by Tony Moore
Dickinson graduates already have a big leg up when it comes to applying to medical schools of every stripe: The education they receive here leads to an acceptance rate of 92% for all health professions, versus 43% nationwide (2020-22). And with a new internship at the University of Maryland Medical Center’s world-renowned R Adams Cowley Shock Trauma Center and the University of Maryland School of Dentistry, students have a new way to get firsthand experience and prepare for a life in medicine.
The internship is only open to Dickinson students in the pre-health track and was developed and is administered by Dr. Gary Warburton, whose son, Adam ’26, started at Dickinson in 2022. Continuing the tradition of connecting students with Dickinsonians in the professional world, the internship was supported by Dickinson's Advising, Internships & Career Center and pre-health faculty and staff.
Holding both medical and dental degrees, Warburton is a clinical professor and the chair of the Department of Oral & Maxillofacial Surgery at the University of Maryland. He is a Fellow of the American College of Surgeons and the Royal College of Surgeons of England and the chief of maxillofacial trauma at Sinai Hospital in Baltimore. He’s also a member of the American Association of Oral & Maxillofacial Surgeons, the Maryland Society of Oral & Maxillofacial Surgeons and the American Society of Temporomandibular Joint Surgeons.
So it’s hard to imagine students in the internship being in better hands. And the first two have now gone through the intensive, far-ranging program, which kicked off in the summer of 2023.
“This internship played a pivotal role in shaping the direction of my academic and career path,” says Omar Ali ’24 (neuroscience), who hails from Cairo, Egypt, and is a squash teammate of Adam Warburton. “It reaffirmed my aspiration to become a dentist and emphasized the importance of interdisciplinary collaboration in providing comprehensive patient care. It highlighted the unique contributions of dentists in healthcare teams, prompting me to explore opportunities for further education and engagement in the broader medical field.”
Students accepted into the internship can apply for a $4,000 Dickinson grant to support their Baltimore living expenses across the two-month program. Each student spends one month at the School of Dentistry and one month at the Shock Trauma & Oral Surgery Center. While at the School of Dentistry, students are exposed to all aspects of dentistry, including subspecialties such as oral surgery, pediatrics, orthodontics, prosthodontics and dentistry for special-needs patients.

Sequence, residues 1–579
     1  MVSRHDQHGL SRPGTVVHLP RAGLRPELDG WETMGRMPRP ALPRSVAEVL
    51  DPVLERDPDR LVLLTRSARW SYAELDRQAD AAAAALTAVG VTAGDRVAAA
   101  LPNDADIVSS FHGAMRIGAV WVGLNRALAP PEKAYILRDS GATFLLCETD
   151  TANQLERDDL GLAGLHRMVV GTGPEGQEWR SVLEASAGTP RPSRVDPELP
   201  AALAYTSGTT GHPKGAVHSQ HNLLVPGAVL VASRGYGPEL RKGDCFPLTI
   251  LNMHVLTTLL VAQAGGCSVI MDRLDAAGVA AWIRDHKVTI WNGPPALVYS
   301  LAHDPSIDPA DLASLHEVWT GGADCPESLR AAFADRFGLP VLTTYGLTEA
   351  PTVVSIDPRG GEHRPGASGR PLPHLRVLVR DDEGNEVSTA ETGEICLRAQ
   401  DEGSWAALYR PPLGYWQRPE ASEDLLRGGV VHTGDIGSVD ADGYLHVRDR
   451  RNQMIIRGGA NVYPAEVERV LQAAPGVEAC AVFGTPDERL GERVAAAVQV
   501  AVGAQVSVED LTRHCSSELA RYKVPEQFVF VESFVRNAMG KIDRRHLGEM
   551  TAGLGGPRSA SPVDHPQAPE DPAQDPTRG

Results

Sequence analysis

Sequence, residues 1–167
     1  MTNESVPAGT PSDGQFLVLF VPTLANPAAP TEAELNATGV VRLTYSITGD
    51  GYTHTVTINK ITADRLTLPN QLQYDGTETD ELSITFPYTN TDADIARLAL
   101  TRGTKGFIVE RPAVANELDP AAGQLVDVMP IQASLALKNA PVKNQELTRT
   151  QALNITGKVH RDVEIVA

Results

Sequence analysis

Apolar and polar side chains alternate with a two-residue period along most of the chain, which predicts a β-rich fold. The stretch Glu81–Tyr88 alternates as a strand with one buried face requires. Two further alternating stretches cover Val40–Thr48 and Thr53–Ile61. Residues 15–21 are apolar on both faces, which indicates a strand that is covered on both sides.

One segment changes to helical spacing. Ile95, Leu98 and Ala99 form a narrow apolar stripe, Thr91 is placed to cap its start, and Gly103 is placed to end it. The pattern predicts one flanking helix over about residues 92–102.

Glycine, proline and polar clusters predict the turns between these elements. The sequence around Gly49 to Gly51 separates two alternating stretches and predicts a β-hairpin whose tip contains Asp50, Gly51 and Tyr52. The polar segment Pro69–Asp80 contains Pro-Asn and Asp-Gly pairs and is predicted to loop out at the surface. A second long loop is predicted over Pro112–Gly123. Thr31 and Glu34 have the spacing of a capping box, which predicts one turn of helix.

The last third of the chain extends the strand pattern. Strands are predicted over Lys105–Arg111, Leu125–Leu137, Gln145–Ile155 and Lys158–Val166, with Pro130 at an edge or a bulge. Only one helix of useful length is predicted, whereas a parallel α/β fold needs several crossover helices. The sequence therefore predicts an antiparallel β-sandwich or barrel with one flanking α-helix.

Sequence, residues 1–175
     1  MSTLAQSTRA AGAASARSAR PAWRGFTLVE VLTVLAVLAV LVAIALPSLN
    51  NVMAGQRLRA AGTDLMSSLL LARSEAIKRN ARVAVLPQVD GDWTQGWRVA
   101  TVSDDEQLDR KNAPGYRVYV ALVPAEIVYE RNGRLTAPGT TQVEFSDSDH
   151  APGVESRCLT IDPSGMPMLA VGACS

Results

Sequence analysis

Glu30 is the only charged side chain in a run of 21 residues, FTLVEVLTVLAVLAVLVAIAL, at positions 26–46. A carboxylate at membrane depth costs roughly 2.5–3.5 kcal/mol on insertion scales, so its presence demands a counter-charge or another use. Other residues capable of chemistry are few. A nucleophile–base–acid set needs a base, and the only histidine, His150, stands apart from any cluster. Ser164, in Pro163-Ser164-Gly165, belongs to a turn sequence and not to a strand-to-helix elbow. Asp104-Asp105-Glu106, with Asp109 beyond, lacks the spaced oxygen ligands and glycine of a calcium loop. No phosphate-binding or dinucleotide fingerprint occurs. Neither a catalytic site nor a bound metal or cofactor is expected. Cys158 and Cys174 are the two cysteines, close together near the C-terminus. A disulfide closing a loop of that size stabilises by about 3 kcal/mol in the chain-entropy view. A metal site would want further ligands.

While at the Medical Center and Shock Trauma Center, the students spend time in the Oral and Maxillofacial Surgery Department and observe complex surgeries for trauma victims, oral cancer patients and facial deformities. The students also observed the residents seeing patients in the outpatient clinics and Emergency Room.
“I had a wonderful experience gaining knowledge about the different fields in dentistry,” says Song Yun ’25 (biochemistry & molecular biology). “I was also able to observe complex surgical cases in oral & maxillofacial surgery, such as orthognathic and trauma surgeries, providing me with a deeper insight into this field.”
Besides seeing skilled practitioners in action and learning the ropes from the inside, the internship gave students an introduction to varied professional settings: a large dental school, an urban university hospital and a world-class shock trauma center.
From left: Song Yun, Dr. Gary Warburton and Omar Ali. "The students liked the fact that they got exposure to all the different areas of dentistry," says Warburton, "which is going to help them in the future in deciding what they want to do and what they don't want to do."
"The exposure to various aspects of dentistry and healthcare, combined with the opportunity to observe surgeries and engage with professionals, provides a transformative experience,” says Ali. “It offers insights that textbooks cannot convey, helping students make informed decisions about their academic and career pursuits.”
As part of the experience, the Dickinson students interacted with UMMC dental students and residents, both socially and during their daily routines, gleaning valuable information on how to apply to dental school, how to study for the DATs and other details and tips on navigating the process. They also met with a member of the admissions committee and participated in Dentistry Today, a two-day program at the School of Dentistry designed for college students that included lectures and presentations from each department.
Rounding off the experience, students used the Simulation Lab, where they were able to do fillings and hands-on work with specialized mannequins.
“In addition to making their application to dental school much stronger, the internship has tremendous value in helping students decide on their future career pathways and what they might choose to do once they finish dental school,” says Warburton, noting that students have a very broad experience. “It was a pleasure to have the two students be part of what we do here at the University of Maryland, and the feedback that I got from them at the end of the two months was that they both thought it is extremely valuable. So I think we hit a home run.”
And Ali agrees: “This internship is an invaluable chance to gain hands-on experience, build a professional network and cultivate a deeper understanding of the dynamic healthcare landscape,” he says. “And for other students considering this internship, I would wholeheartedly recommend it.”
Published October 26, 2023